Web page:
|Category 2 hurricane (SSHS)|
|Duration||September 28 – October 2|
|Peak intensity||100 mph (155 km/h), Unknown|
A tropical disturbance developed on September 27 within 250 mi (400 km) of the Mexican coastline. The disturbance was upgraded into Tropical Depression Twenty-Three on 0000 UTC September 28. Tropical Depression Twenty-Three moved west-northwestward, lured poleward by an upper-level trough near northern Mexico. At 0000 UTC September 30, the depression became Tropical Storm Paine, southwest of Acapulco. Roughly 21 hours later, a NOAA Hurricane Hunter flight found winds of 90 mph (145 km/h), upgrading Paine into hurricane. Paine peaked as a Category 2 hurricane on October 1 as it turned northwest, headed towards the Sea of Cortez. Hurricane Paine did not intensify further due to the presence of mid-level wind shear and dry air. The outer eyewall moved across Cabo San Lucas, and the resultant land interaction was believed to have slightly weakened the inner core of the hurricane. Paine moved ashore near San José, Sonora with winds of 100 mph (160 km/h). Paine weakened as it moved over land going through Mexico and then entering the United States. Paine dissipated on October 4 over Lake Michigan.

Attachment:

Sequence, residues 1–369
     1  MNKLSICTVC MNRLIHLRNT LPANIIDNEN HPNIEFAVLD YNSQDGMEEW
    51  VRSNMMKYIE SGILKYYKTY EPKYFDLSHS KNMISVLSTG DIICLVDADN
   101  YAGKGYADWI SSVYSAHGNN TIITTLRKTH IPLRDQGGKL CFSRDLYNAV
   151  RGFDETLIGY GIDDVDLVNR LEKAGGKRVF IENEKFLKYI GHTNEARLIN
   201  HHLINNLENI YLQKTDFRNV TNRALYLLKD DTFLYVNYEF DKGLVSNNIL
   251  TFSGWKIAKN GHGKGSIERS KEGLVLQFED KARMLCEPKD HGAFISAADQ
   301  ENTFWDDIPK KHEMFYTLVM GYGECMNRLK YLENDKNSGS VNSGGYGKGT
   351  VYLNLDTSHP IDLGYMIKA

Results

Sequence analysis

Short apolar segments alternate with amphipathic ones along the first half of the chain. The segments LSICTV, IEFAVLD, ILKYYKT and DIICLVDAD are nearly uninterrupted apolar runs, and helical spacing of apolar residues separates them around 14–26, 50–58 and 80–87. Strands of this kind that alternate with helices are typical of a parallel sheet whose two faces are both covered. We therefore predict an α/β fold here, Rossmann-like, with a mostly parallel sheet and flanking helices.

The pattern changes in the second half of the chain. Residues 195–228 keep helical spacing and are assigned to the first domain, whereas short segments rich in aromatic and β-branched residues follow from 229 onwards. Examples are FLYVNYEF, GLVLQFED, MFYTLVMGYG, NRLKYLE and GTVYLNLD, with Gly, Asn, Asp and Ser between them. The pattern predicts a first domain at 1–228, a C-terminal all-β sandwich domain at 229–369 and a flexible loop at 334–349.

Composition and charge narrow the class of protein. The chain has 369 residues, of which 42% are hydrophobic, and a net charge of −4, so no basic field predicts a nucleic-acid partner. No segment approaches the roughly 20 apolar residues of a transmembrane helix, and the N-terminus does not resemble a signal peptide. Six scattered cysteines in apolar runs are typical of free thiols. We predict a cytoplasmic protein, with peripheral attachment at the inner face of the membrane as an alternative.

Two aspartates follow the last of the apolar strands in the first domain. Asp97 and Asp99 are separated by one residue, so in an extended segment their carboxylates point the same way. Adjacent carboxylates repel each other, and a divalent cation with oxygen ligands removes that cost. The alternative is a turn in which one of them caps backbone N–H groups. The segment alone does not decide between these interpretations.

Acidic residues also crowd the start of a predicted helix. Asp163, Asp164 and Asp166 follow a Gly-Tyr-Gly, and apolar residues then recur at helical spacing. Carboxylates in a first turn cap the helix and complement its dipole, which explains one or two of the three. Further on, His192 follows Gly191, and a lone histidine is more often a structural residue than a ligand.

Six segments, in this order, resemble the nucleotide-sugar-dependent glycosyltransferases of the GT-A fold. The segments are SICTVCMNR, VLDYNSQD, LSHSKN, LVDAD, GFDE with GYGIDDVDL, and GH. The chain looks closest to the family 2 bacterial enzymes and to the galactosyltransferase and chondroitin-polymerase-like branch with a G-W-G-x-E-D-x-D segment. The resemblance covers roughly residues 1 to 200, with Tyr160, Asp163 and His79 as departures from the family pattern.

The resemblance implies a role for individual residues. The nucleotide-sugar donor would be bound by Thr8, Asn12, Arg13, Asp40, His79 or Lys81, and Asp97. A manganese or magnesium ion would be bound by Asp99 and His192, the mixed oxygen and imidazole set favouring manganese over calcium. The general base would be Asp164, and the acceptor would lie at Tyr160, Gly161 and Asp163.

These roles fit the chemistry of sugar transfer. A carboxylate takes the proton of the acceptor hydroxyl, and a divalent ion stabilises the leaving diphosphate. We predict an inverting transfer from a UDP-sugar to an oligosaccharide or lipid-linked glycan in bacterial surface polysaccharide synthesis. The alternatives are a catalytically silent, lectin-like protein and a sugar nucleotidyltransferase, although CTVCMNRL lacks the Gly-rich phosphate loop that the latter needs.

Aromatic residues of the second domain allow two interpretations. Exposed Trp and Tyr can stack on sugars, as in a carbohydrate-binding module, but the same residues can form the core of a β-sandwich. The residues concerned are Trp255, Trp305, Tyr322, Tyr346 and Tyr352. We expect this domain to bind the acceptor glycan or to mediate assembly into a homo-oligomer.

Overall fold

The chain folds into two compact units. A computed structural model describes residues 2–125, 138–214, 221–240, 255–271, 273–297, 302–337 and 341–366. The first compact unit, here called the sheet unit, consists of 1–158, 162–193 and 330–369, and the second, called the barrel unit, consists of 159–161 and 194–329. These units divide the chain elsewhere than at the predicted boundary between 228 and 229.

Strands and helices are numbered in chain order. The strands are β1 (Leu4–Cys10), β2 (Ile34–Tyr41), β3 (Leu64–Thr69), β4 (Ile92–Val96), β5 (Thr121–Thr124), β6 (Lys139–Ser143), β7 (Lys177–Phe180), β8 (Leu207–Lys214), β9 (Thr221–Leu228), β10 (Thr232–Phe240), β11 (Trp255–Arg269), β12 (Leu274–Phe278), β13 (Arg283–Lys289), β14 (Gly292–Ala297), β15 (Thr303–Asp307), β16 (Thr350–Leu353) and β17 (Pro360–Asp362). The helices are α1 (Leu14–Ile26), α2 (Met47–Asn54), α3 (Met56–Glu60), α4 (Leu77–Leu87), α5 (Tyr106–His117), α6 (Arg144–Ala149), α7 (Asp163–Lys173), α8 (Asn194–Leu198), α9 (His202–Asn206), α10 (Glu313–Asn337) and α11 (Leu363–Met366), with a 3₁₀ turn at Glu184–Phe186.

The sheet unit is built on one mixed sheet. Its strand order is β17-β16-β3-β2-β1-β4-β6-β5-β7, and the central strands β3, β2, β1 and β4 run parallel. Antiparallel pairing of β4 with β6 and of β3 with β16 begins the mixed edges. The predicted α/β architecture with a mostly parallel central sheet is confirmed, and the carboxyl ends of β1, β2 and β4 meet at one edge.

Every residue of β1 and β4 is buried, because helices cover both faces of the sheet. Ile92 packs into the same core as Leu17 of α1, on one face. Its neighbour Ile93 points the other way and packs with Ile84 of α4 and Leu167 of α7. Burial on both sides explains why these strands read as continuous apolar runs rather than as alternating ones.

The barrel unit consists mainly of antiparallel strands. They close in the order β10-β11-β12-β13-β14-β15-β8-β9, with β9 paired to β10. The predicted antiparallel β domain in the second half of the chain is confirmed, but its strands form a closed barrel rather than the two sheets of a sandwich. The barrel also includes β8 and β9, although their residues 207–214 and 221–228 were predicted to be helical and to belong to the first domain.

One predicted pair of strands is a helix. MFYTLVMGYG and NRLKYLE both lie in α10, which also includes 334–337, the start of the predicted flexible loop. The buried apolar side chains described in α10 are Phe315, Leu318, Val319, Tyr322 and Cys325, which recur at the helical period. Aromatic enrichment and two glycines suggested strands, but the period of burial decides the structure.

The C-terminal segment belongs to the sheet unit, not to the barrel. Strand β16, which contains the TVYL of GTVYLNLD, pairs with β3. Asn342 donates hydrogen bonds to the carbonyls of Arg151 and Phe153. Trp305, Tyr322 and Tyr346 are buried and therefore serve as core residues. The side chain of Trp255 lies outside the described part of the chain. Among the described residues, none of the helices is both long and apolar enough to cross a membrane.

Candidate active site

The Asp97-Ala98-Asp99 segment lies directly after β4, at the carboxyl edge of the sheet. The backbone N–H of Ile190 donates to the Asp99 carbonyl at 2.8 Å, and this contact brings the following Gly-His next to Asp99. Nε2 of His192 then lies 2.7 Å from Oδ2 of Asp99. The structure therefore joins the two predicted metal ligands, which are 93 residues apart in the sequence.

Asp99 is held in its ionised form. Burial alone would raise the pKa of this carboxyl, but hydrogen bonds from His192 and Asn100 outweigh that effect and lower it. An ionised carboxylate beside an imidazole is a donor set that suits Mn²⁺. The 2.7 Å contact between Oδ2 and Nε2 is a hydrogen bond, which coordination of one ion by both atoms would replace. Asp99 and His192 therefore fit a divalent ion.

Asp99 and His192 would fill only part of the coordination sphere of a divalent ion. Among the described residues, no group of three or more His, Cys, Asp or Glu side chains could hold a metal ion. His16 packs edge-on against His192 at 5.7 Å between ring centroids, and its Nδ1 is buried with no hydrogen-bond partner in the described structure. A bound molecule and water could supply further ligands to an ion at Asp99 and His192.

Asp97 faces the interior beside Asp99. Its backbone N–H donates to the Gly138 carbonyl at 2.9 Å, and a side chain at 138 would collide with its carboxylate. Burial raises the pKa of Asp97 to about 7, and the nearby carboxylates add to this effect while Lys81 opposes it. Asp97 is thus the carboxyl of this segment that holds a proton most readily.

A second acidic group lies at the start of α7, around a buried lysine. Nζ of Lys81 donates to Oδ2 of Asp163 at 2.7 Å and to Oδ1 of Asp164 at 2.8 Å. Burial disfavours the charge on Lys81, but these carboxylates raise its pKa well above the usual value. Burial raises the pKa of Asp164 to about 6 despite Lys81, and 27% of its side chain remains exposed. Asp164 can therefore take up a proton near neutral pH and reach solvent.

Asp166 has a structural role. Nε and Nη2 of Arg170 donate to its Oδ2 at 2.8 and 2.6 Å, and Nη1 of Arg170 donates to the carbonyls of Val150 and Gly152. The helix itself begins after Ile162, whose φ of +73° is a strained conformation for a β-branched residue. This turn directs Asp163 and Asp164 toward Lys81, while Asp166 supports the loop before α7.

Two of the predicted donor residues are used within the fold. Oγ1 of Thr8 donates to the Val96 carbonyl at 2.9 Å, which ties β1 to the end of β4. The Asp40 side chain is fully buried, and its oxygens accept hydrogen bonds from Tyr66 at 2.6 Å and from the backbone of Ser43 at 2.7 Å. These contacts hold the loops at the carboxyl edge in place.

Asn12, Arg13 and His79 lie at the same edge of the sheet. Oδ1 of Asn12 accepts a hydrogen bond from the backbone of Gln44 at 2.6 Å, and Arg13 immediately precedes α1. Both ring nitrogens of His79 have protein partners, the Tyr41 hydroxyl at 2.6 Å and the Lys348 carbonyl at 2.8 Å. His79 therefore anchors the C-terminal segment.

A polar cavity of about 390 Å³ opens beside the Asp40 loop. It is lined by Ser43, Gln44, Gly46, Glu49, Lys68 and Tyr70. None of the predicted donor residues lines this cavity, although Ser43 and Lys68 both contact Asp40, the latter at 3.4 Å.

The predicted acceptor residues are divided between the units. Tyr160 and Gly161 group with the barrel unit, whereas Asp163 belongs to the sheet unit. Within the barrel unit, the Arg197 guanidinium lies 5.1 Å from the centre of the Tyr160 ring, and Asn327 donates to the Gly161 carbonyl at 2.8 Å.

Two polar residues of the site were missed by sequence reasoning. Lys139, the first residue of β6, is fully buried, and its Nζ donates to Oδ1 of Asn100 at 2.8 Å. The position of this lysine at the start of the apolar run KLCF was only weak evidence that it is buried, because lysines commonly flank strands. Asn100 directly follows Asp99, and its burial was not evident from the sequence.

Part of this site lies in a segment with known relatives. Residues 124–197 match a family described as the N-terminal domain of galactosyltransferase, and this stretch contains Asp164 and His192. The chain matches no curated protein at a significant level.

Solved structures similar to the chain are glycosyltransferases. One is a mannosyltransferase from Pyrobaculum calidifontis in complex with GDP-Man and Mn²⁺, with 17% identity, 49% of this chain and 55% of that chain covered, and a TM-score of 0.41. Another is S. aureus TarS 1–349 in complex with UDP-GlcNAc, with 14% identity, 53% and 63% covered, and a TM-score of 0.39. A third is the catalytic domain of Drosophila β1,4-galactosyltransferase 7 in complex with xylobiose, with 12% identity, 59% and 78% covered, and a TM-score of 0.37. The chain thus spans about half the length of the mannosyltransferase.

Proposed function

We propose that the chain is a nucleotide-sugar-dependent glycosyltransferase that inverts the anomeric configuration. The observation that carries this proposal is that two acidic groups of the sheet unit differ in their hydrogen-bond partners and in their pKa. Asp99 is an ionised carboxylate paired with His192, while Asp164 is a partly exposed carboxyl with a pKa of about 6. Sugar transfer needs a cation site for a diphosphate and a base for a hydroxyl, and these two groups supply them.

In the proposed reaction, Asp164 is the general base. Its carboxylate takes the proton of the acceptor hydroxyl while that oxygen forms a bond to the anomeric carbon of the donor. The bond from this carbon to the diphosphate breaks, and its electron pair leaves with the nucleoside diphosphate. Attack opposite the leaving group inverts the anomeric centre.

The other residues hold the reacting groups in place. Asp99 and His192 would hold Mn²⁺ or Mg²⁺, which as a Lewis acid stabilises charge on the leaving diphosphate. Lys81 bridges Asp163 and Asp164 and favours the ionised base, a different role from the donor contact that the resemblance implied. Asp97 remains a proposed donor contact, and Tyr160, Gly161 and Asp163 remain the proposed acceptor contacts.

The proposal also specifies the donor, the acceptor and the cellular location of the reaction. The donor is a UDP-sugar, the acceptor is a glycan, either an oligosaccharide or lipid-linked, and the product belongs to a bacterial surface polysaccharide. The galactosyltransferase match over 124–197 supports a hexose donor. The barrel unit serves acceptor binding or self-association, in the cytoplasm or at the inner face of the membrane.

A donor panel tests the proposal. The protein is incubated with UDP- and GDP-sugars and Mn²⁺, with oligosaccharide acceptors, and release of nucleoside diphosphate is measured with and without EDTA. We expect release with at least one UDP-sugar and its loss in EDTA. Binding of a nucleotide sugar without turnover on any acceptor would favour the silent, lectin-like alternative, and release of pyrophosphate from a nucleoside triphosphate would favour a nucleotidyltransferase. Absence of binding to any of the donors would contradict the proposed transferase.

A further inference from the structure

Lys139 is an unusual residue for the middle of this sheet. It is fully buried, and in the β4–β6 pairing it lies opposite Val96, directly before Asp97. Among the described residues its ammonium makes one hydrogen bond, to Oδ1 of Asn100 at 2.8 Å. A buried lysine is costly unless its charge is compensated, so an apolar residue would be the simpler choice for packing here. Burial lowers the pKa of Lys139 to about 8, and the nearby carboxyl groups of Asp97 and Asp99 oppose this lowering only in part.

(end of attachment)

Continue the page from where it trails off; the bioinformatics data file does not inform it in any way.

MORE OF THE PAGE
Rainfall from Paine was significant in Mexico and the United States. Light rain fell in Cabo San Lucas. Meanwhile, rains around the Mexican Mainland peaked at 12 in (300 mm) in Acapulco. Near the area around where it made landfall, strong winds knocked down trees and caused disruptions to city services. In the United States, rainfall peaked at 11.35 inches (288 mm) in Fort Scott, Kansas. The Barnsdall, Oklahoma weather station recorded 10.42 inches (26.5 cm) on September 29, which became the highest daily precipitation for any station statewide. The flooding affected 52 counties in Oklahoma, which resulted in a total of $350 million in damage. In all, Paine was described as one of the worst floods in Oklahoma history. The remnants of Paine brought about the end of the extended period of rainfall, which overall had forced 55,000 people from their homes. Additional flooding from Paine resulted in about 1,200 people homeless in East Saint Louis, Illinois. The flooding resulted in record discharge rates along many streams and creeks, while many reservoirs were nearly filled to capacity. For example, the Mississippi River in St. Louis reached the fifth highest flood stage on record.
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